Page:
In [9]:
using BlackBoxOptim

function rosenbrock2d(x)
return (1.0 - x[1])^2 + 100.0 * (x[2] - x[1]^2)^2
end
res = bboptimize(rosenbrock2d; SearchRange = (-5.0, 5.0), NumDimensions = 2)

Starting optimization with optimizer DiffEvoOpt{FitPopulation{Float64},RadiusLimitedSelector,BlackBoxOptim.AdaptiveDiffEvoRandBin{3},RandomBound{RangePerDimSearchSpace}}
0.00 secs, 0 evals, 0 steps

Optimization stopped after 10001 steps and 0.013683080673217773 seconds
Termination reason: Max number of steps (10000) reached
Steps per second = 730902.6555383248
Function evals per second = 738722.5319649422
Improvements/step = 0.2172
Total function evaluations = 10108

Best candidate found: [1.0, 1.0]

Fitness: 0.000000000


Out[9]:
BlackBoxOptim.OptimizationResults("adaptive_de_rand_1_bin_radiuslimited", "Max number of steps (10000) reached", 10001, 1.536689117938819e9, 0.013683080673217773, DictChain{Symbol,Any}[DictChain{Symbol,Any}[Dict{Symbol,Any}(:RngSeed=>189964,:NumDimensions=>2,:SearchRange=>(-5.0, 5.0),:MaxSteps=>10000),Dict{Symbol,Any}()],Dict{Symbol,Any}(:FitnessScheme=>ScalarFitnessScheme{true}(),:NumDimensions=>:NotSpecified,:PopulationSize=>50,:MaxTime=>0.0,:SearchRange=>(-1.0, 1.0),:Method=>:adaptive_de_rand_1_bin_radiuslimited,:MaxNumStepsWithoutFuncEvals=>100,:RngSeed=>1234,:MaxFuncEvals=>0,:SaveTrace=>false…)], 10108, ScalarFitnessScheme{true}(), BlackBoxOptim.TopListArchiveOutput{Float64,Array{Float64,1}}(7.794981123521699e-27, [1.0, 1.0]), BlackBoxOptim.PopulationOptimizerOutput{FitPopulation{Float64}}(FitPopulation{Float64}([1.0 1.0 … 1.0 1.0; 1.0 1.0 … 1.0 1.0], NaN, [1.27603e-23, 3.92402e-23, 1.60016e-23, 1.61726e-23, 2.00834e-23, 6.01524e-23, 2.16747e-22, 4.2942e-23, 3.83008e-23, 8.03423e-23  …  6.35954e-25, 1.22529e-24, 1.60825e-25, 9.94304e-25, 1.41704e-24, 6.42558e-24, 3.93374e-24, 8.25185e-24, 1.89228e-23, 1.44361e-23], 0, BlackBoxOptim.Candidate{Float64}[Candidate{Float64}([1.0, 1.0], 10, 8.03423e-23, AdaptiveDiffEvoRandBin{3}(AdaptiveDiffEvoParameters(BimodalCauchy(Distributions.Cauchy{Float64}(μ=0.65, σ=0.1), Distributions.Cauchy{Float64}(μ=1.0, σ=0.1), 0.5, false, true), BimodalCauchy(Distributions.Cauchy{Float64}(μ=0.1, σ=0.1), Distributions.Cauchy{Float64}(μ=0.95, σ=0.1), 0.5, false, true), [0.697891, 0.720263, 0.88478, 0.809857, 0.434573, 0.280839, 1.0, 0.653261, 0.990107, 0.54517  …  0.829696, 0.680993, 0.96154, 1.0, 0.917572, 1.0, 0.835965, 1.0, 0.996137, 0.999622], [0.830166, 0.160064, 0.153951, 1.0, 0.78871, 0.256191, 0.139636, 1.0, 0.986488, 0.229464  …  0.932861, 0.0857158, 0.0022386, 0.595109, 0.980229, 0.122564, 0.39074, 1.0, 0.848218, 0.913758])), 0), Candidate{Float64}([1.0, 1.0], 10, 8.63425e-22, AdaptiveDiffEvoRandBin{3}(AdaptiveDiffEvoParameters(BimodalCauchy(Distributions.Cauchy{Float64}(μ=0.65, σ=0.1), Distributions.Cauchy{Float64}(μ=1.0, σ=0.1), 0.5, false, true), BimodalCauchy(Distributions.Cauchy{Float64}(μ=0.1, σ=0.1), Distributions.Cauchy{Float64}(μ=0.95, σ=0.1), 0.5, false, true), [0.697891, 0.720263, 0.88478, 0.809857, 0.434573, 0.280839, 1.0, 0.653261, 0.990107, 0.54517  …  0.829696, 0.680993, 0.96154, 1.0, 0.917572, 1.0, 0.835965, 1.0, 0.996137, 0.999622], [0.830166, 0.160064, 0.153951, 1.0, 0.78871, 0.256191, 0.139636, 1.0, 0.986488, 0.229464  …  0.932861, 0.0857158, 0.0022386, 0.595109, 0.980229, 0.122564, 0.39074, 1.0, 0.848218, 0.913758])), 0)])))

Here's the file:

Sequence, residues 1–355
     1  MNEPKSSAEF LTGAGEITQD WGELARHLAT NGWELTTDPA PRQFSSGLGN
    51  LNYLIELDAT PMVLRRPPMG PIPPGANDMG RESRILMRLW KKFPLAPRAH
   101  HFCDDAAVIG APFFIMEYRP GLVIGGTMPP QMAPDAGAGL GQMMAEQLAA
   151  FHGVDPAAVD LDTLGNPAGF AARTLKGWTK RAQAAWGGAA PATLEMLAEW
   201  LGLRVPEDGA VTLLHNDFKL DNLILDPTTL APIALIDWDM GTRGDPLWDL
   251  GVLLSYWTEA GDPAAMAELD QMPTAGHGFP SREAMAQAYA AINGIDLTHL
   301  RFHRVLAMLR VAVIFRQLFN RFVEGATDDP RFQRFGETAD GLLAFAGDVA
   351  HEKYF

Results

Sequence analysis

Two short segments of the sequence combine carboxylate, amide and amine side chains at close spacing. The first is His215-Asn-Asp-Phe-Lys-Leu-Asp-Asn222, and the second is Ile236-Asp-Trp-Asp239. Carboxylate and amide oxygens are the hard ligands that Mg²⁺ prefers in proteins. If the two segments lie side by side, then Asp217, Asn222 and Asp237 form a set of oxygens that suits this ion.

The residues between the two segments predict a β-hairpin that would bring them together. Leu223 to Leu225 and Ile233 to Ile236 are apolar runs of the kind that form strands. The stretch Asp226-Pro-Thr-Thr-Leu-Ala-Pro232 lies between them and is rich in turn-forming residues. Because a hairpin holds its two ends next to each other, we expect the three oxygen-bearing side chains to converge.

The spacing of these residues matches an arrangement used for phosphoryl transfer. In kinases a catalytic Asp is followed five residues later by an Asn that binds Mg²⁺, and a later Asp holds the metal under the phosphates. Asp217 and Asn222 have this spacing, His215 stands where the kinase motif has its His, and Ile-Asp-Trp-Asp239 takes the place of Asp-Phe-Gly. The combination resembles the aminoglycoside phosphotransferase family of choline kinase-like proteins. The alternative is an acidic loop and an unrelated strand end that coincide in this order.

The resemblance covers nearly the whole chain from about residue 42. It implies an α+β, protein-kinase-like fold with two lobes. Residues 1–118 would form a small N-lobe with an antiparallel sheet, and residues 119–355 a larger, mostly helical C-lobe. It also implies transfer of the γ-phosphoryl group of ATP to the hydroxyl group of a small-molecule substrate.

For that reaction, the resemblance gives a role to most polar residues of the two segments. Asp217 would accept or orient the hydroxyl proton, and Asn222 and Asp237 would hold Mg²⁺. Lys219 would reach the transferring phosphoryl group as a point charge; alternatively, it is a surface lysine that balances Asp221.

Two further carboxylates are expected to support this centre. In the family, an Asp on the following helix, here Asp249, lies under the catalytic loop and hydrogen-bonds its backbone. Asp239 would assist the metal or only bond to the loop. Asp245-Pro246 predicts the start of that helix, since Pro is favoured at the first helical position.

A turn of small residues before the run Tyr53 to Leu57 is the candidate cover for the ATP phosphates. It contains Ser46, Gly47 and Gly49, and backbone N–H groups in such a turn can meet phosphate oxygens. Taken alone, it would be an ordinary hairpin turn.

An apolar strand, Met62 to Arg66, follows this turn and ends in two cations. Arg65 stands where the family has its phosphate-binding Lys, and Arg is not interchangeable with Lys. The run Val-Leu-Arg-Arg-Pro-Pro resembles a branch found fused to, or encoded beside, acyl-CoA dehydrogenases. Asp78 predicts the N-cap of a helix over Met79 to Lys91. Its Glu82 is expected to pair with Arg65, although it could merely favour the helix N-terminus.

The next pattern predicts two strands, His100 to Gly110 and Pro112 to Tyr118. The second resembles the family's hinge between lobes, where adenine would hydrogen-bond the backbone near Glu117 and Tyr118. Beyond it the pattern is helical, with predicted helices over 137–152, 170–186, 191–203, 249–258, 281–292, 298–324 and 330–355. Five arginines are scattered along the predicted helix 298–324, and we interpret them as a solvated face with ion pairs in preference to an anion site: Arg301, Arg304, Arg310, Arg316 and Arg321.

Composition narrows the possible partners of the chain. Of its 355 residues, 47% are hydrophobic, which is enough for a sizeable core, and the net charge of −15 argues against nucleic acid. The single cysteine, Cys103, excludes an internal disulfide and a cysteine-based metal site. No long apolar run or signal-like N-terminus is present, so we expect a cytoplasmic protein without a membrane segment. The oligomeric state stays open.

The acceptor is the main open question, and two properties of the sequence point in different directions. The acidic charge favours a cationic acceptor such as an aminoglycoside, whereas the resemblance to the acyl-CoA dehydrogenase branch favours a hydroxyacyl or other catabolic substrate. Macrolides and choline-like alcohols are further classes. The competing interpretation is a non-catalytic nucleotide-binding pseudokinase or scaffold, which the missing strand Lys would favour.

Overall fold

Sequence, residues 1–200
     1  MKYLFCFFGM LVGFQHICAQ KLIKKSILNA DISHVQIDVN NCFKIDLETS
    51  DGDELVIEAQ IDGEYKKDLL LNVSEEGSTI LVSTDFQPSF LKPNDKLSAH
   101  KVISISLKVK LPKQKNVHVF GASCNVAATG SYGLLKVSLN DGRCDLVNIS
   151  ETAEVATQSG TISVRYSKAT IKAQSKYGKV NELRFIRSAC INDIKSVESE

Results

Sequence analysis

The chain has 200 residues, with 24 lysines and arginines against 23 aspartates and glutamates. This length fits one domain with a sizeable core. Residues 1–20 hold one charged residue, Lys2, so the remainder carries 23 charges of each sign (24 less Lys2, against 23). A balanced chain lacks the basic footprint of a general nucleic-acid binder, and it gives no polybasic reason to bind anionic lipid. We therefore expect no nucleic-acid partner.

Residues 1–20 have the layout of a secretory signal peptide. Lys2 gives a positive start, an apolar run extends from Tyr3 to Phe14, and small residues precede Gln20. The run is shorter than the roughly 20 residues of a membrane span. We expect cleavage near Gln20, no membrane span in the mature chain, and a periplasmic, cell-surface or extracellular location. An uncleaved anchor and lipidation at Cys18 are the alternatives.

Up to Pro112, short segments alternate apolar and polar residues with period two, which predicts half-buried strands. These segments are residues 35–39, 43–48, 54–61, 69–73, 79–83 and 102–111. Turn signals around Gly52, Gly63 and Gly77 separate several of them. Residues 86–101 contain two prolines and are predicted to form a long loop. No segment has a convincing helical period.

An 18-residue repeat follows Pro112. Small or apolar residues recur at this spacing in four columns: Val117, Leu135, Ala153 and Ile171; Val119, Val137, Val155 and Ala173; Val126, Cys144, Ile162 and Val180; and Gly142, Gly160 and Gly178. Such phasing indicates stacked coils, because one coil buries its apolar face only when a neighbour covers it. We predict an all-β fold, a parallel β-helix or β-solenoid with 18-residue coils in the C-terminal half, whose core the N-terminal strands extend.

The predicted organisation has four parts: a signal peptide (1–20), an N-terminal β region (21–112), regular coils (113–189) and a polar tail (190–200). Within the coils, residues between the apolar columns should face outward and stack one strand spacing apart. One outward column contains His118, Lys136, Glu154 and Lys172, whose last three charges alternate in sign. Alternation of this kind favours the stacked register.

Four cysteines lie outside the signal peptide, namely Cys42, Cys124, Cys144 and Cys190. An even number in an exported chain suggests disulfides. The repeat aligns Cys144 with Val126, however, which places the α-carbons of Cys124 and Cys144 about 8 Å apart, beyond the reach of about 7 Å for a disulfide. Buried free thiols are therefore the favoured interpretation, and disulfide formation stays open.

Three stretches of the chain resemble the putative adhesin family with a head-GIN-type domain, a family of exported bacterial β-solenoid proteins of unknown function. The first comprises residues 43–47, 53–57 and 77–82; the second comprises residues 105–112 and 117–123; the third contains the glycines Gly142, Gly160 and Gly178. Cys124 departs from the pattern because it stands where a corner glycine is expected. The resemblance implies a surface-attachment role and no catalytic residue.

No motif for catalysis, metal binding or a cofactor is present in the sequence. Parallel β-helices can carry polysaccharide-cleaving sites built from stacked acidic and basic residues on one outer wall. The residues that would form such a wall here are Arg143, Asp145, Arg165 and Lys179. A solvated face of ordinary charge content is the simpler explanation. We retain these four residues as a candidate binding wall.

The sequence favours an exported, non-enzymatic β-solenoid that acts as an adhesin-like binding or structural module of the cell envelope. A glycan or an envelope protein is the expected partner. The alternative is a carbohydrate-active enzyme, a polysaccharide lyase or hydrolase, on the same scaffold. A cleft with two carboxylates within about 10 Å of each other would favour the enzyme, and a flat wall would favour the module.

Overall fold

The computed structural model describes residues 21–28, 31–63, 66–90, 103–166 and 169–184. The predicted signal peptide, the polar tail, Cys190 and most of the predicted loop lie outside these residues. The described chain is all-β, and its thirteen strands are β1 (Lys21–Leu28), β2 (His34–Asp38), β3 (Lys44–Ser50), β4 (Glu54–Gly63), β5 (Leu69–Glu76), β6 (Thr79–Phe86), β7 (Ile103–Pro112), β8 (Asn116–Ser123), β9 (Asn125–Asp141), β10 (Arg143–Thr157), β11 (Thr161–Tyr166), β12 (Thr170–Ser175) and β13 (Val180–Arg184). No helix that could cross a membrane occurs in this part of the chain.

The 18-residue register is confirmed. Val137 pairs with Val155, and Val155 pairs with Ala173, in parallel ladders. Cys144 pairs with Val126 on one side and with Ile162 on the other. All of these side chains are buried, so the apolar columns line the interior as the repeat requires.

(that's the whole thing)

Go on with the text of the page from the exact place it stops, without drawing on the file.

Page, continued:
## JuMP, Convex.jl, NLopt.jl¶

JuMP.jl is a large library for all sorts of optimization problems. It has solvers for linear, quadratic, etc. programming problems. If you're not doing nonlinear optimization JuMP is a great choice. If you're looking to do convex programming, Convex.jl is a library with methods specific for this purpose. If you want to do nonlinear optimization with constraints, NLopt.jl is a library with a large set of choices. It also has a bunch of derivative-free local optimization methods. It's only issue is that its an interface to a C library and can be more difficult to debug than the native Julia codes, but otherwise it's a great alternative to Optim and BlackBoxOptim.

## Problem 1¶

Use Optim.jl to optimize Hosaki's Function. Use the initial condition [2.0,2.0].

## Problem 2¶

BlackBoxOptim.jl to find global minima of the Adjiman Function with $-1 < x_1 < 2$ and $-1 < x_2 < 1$.